The classification results of predicting mood changes using selected features of step count data show that the classification between Steady-remission and Swing-moderate has the highest accuracy rate of 85.42% and recall rate of 99.41%. The classification between all Steady data samples and all Swing data samples has the lowest accuracy rate of 69.24% and recall rate of 86.97% (Table 5).

Table 6 presents the classification results of predicting mood changes using the selected features of heart rate data. The classification between Steady-remission and Swing-moderate has the highest accuracy rate of 82.67% and recall rate of 97.64%. The classification between Steady-depressed and Swing-moderate has the lowest accuracy rate of 69.29% and recall rate of 75.16%. The classification between all Steady data samples and all Swing data samples has an accuracy rate of 75.19% and a recall rate of 91.92%.

Table 7 compares the classification results of predicting mood changes using the selected features of all data collected. The classification between Steady-remission and Swing-moderate has the highest accuracy rate of 80.56% and recall rate of 97.08%. The classification between Steady-remission and Swing-drastic has the lowest accuracy rate of 74.29% and recall rate of 84.31%. The classification between all Steady data samples and all Swing data samples has an accuracy rate of 76.67% and a recall rate of 90.44%.

The classification results of predicting mood changes using selected features of call logs, sleep data, step count data, and heart rate data show that the classification between Steady-depressed and Swing-drastic has the highest accuracy rate of 84.27% and recall rate of 85.33%. The classification between all Steady data samples and all Swing data samples has the lowest accuracy rate of 75.64% and a recall rate of 89.93% (Table 8).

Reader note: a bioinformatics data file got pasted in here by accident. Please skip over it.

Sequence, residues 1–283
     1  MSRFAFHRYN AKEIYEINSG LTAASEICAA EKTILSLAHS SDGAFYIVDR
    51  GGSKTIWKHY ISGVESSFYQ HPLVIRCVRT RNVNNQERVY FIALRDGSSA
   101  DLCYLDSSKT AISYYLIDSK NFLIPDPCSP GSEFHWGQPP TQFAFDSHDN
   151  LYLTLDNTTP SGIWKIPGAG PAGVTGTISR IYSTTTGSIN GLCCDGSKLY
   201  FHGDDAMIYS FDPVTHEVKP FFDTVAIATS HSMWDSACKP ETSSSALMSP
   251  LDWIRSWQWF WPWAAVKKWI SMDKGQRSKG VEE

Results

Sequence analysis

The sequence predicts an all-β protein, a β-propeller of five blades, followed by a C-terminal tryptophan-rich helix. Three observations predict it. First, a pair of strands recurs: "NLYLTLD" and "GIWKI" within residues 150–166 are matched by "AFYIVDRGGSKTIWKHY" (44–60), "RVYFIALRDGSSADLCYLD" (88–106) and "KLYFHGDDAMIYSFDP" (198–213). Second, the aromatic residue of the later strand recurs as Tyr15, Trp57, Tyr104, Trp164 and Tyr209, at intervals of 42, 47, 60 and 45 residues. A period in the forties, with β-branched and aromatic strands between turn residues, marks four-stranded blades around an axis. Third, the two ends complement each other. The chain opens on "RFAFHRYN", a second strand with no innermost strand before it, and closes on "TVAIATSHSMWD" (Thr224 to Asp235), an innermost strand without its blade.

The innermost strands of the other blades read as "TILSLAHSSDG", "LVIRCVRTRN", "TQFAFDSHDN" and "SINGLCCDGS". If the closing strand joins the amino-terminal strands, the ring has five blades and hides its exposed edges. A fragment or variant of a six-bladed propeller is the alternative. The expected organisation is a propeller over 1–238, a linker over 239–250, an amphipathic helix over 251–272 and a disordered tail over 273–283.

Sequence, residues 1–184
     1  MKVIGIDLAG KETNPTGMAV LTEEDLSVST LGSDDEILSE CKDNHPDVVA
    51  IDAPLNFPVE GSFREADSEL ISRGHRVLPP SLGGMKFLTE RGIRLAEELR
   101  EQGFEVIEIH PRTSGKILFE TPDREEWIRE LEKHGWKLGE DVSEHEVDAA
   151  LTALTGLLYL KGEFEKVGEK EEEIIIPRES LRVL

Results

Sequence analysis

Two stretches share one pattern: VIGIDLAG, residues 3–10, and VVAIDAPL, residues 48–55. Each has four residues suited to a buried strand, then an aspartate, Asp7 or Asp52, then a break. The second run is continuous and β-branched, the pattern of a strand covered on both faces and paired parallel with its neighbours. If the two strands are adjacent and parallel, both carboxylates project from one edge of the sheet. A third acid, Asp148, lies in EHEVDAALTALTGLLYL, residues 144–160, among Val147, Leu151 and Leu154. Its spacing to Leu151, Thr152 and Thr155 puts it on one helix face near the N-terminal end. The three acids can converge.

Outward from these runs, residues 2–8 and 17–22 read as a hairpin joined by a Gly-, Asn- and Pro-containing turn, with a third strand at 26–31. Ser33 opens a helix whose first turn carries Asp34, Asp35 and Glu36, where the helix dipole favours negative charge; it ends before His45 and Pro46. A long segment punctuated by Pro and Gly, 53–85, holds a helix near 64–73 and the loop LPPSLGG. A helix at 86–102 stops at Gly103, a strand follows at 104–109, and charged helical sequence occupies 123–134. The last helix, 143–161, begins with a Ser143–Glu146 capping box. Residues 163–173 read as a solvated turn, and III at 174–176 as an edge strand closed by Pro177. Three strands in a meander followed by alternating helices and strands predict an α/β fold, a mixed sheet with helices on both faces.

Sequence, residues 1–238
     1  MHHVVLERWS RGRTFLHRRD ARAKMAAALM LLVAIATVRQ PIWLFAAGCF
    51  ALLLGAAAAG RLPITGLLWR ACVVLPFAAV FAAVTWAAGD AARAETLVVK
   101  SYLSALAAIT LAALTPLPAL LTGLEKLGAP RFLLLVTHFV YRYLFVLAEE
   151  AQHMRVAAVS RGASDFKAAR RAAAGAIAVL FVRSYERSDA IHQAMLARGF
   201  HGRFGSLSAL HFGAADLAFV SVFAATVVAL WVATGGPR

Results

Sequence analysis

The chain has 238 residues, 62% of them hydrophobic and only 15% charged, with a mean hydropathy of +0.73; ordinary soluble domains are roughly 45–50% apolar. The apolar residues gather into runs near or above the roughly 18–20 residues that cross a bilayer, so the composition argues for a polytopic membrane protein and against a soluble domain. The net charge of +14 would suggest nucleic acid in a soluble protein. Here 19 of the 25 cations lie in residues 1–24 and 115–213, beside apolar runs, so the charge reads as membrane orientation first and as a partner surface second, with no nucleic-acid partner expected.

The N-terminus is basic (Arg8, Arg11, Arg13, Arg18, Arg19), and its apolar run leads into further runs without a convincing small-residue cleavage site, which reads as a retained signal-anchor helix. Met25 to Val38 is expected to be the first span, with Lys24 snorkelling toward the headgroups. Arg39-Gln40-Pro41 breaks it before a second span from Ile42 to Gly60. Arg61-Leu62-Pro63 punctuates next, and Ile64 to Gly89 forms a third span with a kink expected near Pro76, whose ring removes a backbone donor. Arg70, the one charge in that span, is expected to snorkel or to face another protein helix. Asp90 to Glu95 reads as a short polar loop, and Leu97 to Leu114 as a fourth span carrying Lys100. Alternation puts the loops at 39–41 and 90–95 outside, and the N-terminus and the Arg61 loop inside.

Principal Findings

To our knowledge, this study is the first to investigate the prediction of mood swings in patients with MDD by using the amount of variation in phone data, sleep data, and step count data in a period.

In this study, we calculated over hundreds of features from phone data, sleep data, and step count data and used different feature selection models to find features that could best represent the data. Multiple ML models were applied, and different combinations of types of data were examined to select the types of data to collect for future applications.

Most of the models have accuracies of more than 70%, showing promising results using passively collected phone and wristband data to predict whether patients with MDD have mood swings.

Among the 6 combinations of types of data we experimented, the overall best combination was using call logs, sleep data, step count data, and heart rate data. Accuracies of predicting between Steady-remission and Mood Swing-drastic, Steady-remission and Mood Swing-moderate, and Steady-depressed and Mood Swing-drastic are more than 80%, and accuracies of predicting between Steady-depressed and Mood Swing-moderate and the overall Steady to Mood Swing classification accuracy were over 75%. The features used in this model included the average, SD, and median of the following: sleep duration, deep sleep duration, light sleep duration, the ratio of the deep sleep duration to all-night sleep duration, the ratio of the light sleep duration to all-night sleep duration, step counts for each 3-hour period of a day, number of people called (incoming and outgoing calls), number of rejected calls, number of answered calls, and r-squared of heart rate fitted curves. We consider that the features chosen by the model reflect some of the depressive symptoms (PHQ-9) of patients with MDD: low sleep quality, reduced social interaction, and reduced physical activity. These features are consistent with clinical phenotypes such as sleep disturbance, loss of interest, social isolation, and fatigue.

Comparing all the 6 aforementioned combinations, we found that overall prediction accuracies between Steady-remission and Mood Swing (drastic and moderate) are better than those between Steady-depressed and Mood Swing (drastic and moderate). We think that patients who continuously show depressed symptoms might have a similar behavior pattern to patients who have mood swings. On the other hand, the differences in daily behavior patterns between patients who are in remission and those who have mood swings might be more significant. This could explain why the classification accuracies between all Steady data samples and all Mood Swing data samples are lower, sometimes the lowest among all classifications, even with the largest data training set.